No medium was more affected by advertising than the magazine industry. In the late nineteenth century publishers produced a flood of national magazines for popular consumption. Although differing in their editorial approach, McClure's, Ladies' Home Journal, Munsey's, Cosmopolitan, Century, Delineator, and Scribner's quickly gained favor with the large middle-class and mainly female readership-the group that purchased the most products and that advertisers were eager to reach. Unlike most newspapers, which tended to reach people in a limited geographical area, the new generation of magazines offered individual copies for sale at newsstands and therefore found a national market. Between 188 and 1885 the average October issue of Harper's devoted 7 pages to product advertising. Ten years later the average had climbed to an astonishing 85 pages. And whereas the November 1880 issue of Atlantic Monthly carried only 1 pages of advertising, the December 1904 issue boasted 11 pages filled with advertising. Other publications could point to similar changes. By the turn of the twentieth century magazine publishers were relying increasingly on brand-name advertising for their income.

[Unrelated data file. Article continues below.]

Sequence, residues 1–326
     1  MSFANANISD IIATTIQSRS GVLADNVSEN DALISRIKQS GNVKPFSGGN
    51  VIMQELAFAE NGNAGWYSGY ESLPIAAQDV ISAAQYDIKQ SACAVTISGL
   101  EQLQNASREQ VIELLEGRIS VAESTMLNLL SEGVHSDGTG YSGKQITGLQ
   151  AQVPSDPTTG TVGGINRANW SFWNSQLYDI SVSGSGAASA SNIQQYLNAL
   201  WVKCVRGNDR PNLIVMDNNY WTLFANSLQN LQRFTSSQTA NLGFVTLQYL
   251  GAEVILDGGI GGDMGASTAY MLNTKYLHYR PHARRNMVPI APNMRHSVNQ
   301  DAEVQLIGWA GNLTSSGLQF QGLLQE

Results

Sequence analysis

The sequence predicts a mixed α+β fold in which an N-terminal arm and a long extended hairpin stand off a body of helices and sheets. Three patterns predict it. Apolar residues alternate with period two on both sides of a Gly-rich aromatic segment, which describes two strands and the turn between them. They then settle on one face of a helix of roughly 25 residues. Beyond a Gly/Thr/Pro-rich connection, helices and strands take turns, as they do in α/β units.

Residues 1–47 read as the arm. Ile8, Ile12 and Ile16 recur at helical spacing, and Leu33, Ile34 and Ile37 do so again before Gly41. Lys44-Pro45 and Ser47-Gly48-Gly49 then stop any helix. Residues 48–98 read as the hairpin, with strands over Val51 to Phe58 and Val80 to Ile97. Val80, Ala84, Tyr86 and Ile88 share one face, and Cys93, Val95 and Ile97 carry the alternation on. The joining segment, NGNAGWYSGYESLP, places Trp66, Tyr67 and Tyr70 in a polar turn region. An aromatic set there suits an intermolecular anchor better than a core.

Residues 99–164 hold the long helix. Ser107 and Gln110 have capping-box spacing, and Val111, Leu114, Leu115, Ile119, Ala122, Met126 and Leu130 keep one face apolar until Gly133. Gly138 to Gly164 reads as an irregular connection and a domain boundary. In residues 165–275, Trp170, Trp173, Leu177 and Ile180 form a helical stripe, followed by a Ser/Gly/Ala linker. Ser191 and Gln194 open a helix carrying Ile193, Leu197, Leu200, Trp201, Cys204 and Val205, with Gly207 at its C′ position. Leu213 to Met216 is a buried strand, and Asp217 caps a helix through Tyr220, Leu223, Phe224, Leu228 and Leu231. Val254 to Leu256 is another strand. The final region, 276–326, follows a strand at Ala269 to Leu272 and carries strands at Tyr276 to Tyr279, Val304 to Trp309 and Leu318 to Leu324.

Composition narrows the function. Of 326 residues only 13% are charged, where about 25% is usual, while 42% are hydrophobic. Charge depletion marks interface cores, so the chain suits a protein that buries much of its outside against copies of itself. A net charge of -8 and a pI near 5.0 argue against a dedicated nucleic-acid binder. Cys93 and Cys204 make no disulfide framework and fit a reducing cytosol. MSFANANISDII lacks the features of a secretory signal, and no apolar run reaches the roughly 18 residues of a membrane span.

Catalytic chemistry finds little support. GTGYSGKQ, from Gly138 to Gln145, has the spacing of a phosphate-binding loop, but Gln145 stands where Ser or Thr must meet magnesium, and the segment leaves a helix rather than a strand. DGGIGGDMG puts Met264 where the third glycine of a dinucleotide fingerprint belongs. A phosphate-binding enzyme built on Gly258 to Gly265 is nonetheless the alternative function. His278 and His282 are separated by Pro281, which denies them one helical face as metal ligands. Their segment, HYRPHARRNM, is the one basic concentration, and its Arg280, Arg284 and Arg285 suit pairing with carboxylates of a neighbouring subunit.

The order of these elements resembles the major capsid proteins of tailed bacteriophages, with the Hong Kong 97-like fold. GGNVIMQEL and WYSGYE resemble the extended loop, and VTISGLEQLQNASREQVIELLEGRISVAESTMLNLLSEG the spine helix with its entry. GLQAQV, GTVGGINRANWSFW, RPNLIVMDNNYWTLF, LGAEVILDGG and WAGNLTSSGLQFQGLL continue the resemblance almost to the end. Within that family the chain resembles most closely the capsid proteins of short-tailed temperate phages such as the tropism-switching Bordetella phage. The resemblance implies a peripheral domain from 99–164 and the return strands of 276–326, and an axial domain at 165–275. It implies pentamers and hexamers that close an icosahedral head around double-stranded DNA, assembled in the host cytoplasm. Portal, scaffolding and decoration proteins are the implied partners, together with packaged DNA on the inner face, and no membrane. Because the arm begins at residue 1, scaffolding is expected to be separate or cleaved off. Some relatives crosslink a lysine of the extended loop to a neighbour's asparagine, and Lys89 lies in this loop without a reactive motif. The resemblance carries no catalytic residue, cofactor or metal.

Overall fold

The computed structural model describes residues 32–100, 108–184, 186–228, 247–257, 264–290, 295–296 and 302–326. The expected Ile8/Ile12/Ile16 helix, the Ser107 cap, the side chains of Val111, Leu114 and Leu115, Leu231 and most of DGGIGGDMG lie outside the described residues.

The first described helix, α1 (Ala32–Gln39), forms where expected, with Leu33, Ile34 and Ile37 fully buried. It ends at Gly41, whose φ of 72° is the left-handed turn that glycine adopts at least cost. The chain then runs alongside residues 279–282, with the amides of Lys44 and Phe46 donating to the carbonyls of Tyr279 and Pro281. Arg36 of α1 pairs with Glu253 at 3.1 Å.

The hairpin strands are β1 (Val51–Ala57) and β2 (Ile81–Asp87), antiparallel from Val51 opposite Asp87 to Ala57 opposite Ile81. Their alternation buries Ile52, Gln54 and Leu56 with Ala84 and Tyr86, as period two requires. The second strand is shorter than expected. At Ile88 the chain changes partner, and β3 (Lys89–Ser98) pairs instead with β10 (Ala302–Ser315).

Large and impressive advertising campaigns were not the only way to create brand loyalty, however. Manufacturers also gained local merchants' trust in the hope that they would recommend branded products to their customers. This strategy was tricky because it involved persuading local merchants to rely less on generic products from wholesalers and more on brand-name goods. To make the process easier, manufacturers offered fully developed marketing campaigns that included displays, product demonstrations, free posters, and window decorations to participating merchants. This way, merchants could not only meet the increasing consumer demand for advertised products but also spur its growth. Some promotional strategies designed to create consumer loyalty were predicated on active consumer involvement. In exchange for repeat purchase of a particular brand, customers were awarded premiums and prizes, including trading cards, wall hangings, games, and handkerchiefs. Some manufacturers carried the practice to an extreme. By 1905, for example, loyal buyers of Larkin soap could choose from 116 different premiums ranging from soaps, jellies, coffee, and teas to perfume in exchange for their saved labels. Thirteen years later, Larkin customers who had saved enough soap wrappers could outfit an entire household with the soap maker's premiums. Manufacturers' goal, Susan Strasser argues, was to replace consumers' faith in generic products with trust in brand-name versions. It did not take long before customers began to ask for Ivory Soap, which could be obtained only from Procter and Gamble, and for Uneeda Biscuit, another heavily advertised brand. Although these products were more expensive than their generic counterparts, advertisers argued that they were worth the price due to the quality assurance that came with the brand.